So if i it’s not the money or the fame or the awards or the academic respectability — to riff briefly on The Lookout — what am I doing here?

When I started getting published and asking people who were better and more established and invested in this industry than myself what their ambitions were, I got a wide variety of answers, but none of them ever really seemed to describe my situation.  And what’s more, I often got the feeling that the people telling me weren’t actually sure of themselves either.  It’s easy when someone asks a question I don’t know the answer to — especially if its something about my internal psychological life — to make up some post-hoc rationalization on the fly and trot it out as if it were truth.  But I look around at the writers I know, and the rich ones are just as desperate and insecure as the poor, the ones who’ve never won an award are just as dedicated and driven as the ones with a shelf of Hugos and Nebulas and those hilariously ugly Lovecraft heads they give out for the World Fantasy.  There’s something else that we get out of this that makes long years of labor with little return, the constant casual judgment of others, and the cultivated insecurity of the job worth it.  There is an ambition that is just his side of driven by demons, but I don’t know what it’s driving us — by which I mean me — toward.

I know that Vicious Grace is out.  (And also “Hurt Me” — MLN Hanover’s first published short story, which has been mentioned kindly in some reviews of Songs of Love and Death.)  I know some folks like them.  The Dragon’s Path will be out in April.  Leviathan Wakes, in June.  And I hope y’all enjoy reading them as much as I enjoyed writing them.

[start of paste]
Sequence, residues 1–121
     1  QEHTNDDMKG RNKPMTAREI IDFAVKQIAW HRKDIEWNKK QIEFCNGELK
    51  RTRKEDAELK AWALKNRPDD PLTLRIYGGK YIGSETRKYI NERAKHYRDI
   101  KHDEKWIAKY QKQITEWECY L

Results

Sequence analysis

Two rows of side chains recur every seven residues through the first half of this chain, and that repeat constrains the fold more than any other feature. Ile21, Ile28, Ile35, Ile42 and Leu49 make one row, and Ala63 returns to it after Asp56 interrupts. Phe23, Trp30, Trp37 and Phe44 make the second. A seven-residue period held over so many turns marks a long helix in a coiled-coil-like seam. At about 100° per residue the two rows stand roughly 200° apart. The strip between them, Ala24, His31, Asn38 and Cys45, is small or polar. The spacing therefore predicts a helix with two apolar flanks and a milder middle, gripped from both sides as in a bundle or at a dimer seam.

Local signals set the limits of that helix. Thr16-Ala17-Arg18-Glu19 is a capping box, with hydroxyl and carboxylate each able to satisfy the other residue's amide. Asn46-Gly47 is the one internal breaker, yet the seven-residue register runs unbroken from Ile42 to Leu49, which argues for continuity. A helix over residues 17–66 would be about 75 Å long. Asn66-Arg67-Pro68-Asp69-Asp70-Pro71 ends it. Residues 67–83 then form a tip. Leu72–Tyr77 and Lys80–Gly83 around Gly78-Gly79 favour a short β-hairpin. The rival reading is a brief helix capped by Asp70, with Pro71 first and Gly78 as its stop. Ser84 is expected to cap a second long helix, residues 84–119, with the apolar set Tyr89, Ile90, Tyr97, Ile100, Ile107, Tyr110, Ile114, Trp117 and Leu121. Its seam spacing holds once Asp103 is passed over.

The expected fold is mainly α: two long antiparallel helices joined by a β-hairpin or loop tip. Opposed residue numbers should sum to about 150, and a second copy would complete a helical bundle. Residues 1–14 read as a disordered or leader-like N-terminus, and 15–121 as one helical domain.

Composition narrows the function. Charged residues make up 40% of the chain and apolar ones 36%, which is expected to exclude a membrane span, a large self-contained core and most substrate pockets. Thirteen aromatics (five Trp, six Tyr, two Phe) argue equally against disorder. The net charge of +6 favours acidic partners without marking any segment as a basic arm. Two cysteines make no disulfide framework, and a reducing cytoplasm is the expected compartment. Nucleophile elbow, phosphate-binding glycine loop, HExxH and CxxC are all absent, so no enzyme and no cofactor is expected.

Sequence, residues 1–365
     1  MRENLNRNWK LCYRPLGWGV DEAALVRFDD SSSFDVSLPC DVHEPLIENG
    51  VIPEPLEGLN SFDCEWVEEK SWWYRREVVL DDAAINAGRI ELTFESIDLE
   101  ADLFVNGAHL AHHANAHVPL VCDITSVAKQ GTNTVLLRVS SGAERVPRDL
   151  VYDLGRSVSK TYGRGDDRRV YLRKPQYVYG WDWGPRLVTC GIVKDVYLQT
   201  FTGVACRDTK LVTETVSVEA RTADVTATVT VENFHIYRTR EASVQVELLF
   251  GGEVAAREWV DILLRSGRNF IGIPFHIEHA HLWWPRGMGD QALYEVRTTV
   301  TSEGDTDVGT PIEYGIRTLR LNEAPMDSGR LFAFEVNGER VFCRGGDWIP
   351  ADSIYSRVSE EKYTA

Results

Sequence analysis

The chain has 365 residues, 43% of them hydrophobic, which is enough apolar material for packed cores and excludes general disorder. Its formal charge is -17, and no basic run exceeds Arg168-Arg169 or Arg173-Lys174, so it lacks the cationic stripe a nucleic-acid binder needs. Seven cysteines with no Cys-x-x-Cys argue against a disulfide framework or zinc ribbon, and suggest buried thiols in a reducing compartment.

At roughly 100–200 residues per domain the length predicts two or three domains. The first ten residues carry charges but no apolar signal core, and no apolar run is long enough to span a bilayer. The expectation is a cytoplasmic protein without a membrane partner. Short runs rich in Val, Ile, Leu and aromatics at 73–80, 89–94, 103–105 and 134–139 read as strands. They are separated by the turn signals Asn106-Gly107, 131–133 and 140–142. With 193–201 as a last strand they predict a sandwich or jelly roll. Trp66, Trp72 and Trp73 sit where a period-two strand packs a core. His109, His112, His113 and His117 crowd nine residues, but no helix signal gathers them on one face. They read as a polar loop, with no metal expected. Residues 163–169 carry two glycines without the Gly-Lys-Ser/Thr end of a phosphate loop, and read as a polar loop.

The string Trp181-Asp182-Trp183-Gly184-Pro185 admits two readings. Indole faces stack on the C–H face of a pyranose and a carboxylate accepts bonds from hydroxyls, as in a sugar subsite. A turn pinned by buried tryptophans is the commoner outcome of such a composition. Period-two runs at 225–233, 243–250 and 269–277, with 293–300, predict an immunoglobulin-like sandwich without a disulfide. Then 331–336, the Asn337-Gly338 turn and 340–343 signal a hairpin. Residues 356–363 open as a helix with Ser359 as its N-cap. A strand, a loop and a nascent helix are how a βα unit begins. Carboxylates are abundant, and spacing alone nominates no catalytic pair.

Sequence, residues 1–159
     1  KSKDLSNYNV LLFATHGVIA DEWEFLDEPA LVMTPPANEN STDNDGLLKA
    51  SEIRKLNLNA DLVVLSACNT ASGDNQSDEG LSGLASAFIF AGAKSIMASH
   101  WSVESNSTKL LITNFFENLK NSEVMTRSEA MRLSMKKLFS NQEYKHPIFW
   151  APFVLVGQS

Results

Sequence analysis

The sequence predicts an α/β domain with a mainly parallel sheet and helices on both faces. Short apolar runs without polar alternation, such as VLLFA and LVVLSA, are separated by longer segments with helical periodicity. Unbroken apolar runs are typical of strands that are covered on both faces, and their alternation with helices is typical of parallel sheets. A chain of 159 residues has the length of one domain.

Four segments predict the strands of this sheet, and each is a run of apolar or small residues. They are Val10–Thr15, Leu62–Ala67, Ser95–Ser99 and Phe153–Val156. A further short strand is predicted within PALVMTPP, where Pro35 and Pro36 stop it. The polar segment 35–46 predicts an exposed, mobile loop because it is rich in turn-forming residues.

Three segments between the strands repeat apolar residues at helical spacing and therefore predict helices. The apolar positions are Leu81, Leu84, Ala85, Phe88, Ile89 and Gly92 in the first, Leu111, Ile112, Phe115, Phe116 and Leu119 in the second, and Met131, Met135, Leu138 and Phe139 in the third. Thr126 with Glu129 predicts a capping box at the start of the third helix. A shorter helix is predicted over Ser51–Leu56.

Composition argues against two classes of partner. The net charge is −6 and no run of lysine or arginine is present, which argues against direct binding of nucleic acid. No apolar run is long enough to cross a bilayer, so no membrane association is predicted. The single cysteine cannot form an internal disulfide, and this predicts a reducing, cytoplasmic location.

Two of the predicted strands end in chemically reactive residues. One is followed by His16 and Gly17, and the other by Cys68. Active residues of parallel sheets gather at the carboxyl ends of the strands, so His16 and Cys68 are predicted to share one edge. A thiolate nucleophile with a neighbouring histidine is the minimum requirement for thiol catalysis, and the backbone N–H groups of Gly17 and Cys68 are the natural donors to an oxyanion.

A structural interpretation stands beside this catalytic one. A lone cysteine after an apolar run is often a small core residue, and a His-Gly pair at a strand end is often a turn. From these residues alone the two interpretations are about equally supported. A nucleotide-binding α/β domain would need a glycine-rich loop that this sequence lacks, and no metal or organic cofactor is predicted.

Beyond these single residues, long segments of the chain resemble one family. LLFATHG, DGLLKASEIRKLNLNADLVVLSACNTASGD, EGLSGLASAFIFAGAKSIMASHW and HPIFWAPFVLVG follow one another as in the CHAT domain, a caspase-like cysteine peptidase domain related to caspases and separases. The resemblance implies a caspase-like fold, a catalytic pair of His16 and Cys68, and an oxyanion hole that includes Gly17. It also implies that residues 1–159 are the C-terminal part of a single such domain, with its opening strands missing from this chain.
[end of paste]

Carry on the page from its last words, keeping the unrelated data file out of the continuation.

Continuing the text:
But I also know that this moment — my book is in print! — is a necessary step, but it isn’t what I’m here for.  I’m not filled with joy and satisfaction so much as bracing for the blow of lousy reviews and poor sales numbers that may or may not come.  What I’m really looking forward to is the next chapter of the next book, the thing I haven’t written yet, the one that might yet achieve and fulfill my ambition.

Whatever it is.

10 Comments

Countdown to Vicious Grace II

11.28.10
by Daniel Abraham

The giveaway is all closed up, and my thanks to the random number generator for taking out any actual decision making on my part.  I am contacting all the folks chosen by unpredictable atmospheric noise.  If you haven’t heard from me, thank you for playing, and please do come again.  :)

In other news, Vicious Grace reviews are starting to pop up.  Some with spoilers, others without. Peruse at your own risk.

And finally (before I crawl off to bed), one of the nifty things a wordpress site like this does is give you a list of what search terms folks used to find the page.  So for whoever came here by googling “Daniel Abraham author home address” — dude, stop that.  You’re freaking me out, right?

4 Comments